Station in 1911
Field Day Exhibit
Plowing and Leveling
Aerially Spraying Field
The Louisiana Rice Experiment Station was established in the spring of 1909 by the U.S. Department of Agriculture, after farmers saw the need for improved varieties adapted for southwest Louisiana and needed help with growing the crop in the Gulf Coast conditions.
Eventually, the USDA phased out its role at the station, now run entirely by the LSU AgCenter, and the station would be renamed the H. Rouse Caffey Rice Research Station. Rice farming on a widespread commercial basis in Louisiana began in the late 19th Century. The need for a research facility was realized to develop new varieties adapted for the Gulf Coast. “They were using some of the same varieties such as Carolina Gold for example that had been used for almost 200 years,” said Dr. Steve Linscombe, director of the H. Rouse Caffey Rice Research Station. Linscombe pointed out that the wheat practices and equipment from the Midwestern grain states were adopted in Louisiana. Also, farmers from northern grain states relocated to Louisiana upon learning that their agricultural practices and experience could be used to grow rice. Many farmers in Louisiana had turned to rice after sugar prices crashed in the 1800s. Louisiana rice production went from 1.5 million pounds in 1864 to more than 40 million pounds by 1877, according to the March 1932 issue of “Rice Journal.”
By the late 1800s, developers were advertising land for sale in southwest
In the early 1900s, more
The USDA report detailed the origins of the new station at its original site west of Crowley: “A substation for rice culture was established at Crowley, and work was begun during the spring of 1909. The station is conducted in cooperation with this department. Local parties gave 60 acres of land for the use of the station and subscribed $3,500 for buildings. The legislature authorized its establishment by an act passed July 1, 1908, but no appropriation for the purpose was made at the time. F.C. Quereau was called from the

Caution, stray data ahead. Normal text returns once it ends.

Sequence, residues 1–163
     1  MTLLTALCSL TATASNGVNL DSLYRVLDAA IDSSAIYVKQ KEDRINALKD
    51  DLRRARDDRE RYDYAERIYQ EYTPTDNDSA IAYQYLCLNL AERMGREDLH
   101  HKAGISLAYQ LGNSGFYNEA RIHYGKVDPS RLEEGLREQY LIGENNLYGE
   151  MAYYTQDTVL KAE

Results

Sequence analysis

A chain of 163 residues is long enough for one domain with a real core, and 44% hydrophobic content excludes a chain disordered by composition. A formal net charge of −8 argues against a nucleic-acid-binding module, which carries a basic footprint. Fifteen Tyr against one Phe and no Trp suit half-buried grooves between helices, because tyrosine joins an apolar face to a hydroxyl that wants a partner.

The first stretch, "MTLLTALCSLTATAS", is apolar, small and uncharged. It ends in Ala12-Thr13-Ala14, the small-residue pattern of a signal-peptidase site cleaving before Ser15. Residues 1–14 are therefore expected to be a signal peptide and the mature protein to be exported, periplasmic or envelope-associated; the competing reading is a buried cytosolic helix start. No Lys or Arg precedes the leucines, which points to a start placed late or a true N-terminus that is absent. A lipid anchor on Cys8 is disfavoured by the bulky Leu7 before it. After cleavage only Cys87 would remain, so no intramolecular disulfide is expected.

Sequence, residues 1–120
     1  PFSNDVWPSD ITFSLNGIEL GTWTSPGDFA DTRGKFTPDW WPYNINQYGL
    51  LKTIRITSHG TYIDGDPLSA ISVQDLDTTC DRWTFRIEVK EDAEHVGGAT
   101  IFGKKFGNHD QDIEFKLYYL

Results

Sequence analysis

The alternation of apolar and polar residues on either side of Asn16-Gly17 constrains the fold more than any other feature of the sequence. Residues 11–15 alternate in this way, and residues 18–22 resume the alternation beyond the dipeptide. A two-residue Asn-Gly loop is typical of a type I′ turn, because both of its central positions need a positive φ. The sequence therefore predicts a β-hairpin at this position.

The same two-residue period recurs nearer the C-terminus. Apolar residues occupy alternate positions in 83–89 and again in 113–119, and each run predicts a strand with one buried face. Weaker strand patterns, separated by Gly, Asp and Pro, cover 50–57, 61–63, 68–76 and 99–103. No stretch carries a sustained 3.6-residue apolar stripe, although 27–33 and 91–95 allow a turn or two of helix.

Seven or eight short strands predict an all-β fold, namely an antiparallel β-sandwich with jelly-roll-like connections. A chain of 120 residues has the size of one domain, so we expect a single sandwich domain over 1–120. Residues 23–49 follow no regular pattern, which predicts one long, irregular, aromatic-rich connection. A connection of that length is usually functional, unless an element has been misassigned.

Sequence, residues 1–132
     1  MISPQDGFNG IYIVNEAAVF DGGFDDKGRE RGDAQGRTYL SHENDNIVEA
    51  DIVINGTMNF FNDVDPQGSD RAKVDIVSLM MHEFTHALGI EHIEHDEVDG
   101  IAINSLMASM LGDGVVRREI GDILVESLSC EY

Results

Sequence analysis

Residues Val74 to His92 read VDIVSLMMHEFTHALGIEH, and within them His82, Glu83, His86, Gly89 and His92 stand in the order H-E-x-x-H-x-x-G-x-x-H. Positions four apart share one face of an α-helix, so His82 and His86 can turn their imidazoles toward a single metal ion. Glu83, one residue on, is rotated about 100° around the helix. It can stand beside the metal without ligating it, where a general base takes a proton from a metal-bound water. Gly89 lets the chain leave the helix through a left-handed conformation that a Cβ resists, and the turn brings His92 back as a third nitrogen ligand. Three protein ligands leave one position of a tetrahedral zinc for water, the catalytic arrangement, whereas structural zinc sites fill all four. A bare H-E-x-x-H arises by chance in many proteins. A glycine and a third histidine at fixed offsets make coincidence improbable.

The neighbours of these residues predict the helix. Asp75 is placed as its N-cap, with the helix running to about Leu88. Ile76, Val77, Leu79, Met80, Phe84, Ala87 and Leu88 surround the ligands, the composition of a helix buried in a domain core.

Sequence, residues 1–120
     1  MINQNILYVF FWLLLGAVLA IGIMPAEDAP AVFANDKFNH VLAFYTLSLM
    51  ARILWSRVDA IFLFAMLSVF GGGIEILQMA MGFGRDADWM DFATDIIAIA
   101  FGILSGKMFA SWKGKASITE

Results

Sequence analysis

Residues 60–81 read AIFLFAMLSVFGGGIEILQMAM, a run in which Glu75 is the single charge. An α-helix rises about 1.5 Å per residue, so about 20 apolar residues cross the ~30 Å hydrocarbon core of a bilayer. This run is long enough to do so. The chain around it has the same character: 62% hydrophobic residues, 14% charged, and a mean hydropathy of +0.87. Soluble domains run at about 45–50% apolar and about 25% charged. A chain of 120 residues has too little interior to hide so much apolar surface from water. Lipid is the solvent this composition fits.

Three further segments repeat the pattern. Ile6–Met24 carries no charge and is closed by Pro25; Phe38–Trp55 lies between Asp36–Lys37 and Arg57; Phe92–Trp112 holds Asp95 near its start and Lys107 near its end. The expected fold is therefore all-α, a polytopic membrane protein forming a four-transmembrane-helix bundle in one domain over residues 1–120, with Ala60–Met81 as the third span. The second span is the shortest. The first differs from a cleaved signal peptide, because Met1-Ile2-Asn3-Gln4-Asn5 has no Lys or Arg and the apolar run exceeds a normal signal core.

Dr. H. Rouse Caffey, former LSU AgCenter chancellor worked at the research facility from 1962 until 1970. Before Caffey’s death in 2012, he recalled the early days of his career at the station. “When I came to the rice station, they had just moved the rice station from West of Crowley to the east of Crowley on 719 acres of land. The old station west of town just had been relegated to rice pastures and beef cattle work.”
He said he started doing research work in northeast Louisiana after some efforts were initiated to get a rice research facility in that part of the state. “So, I started out field testing in East Carroll Parish, testing varieties, dates of planting, fertilizer, weed control, and insect studies, and that went on throughout my time; and it has served the people of northeast Louisiana very well.” Caffey suggests that the H. Rouse Caffey Rice Research Station became the best facility worldwide. “And I’ve visited the international stations,” Caffey said. “I’ve visited IRRI (International Rice Research Institute in the Philippines); I’ve visited Chinese rice research centers; I’ve visited Arkansas, Texas, and Mississippi; and I’m convinced that the work in Louisiana stands above all the rest; and that’s because of the continued improvement of technologies by good researchers who are dedicated towards serving their Louisiana rice industry.” As an example, Caffey points out the first disease-resistant rice variety, Saturn, was developed by Dr. Nelson Jodon at the station. Jodon is considered a pioneer in the use of genetic markers for rice breeding.
The practice of water leveling was perfected at the station in the 1960s. Any major insecticide or fungicide labeled for use in the southern U.S. was tested thoroughly at the station, including propanil that allowed rice breeders to develop shorter rice less susceptible to lodging.
The station had a herd of cattle until 1990 to replicate growing conditions of farmers who are also in beef production.
“All of these advancements are designed to help farmers remain competitive and economically viable,” Linscombe said.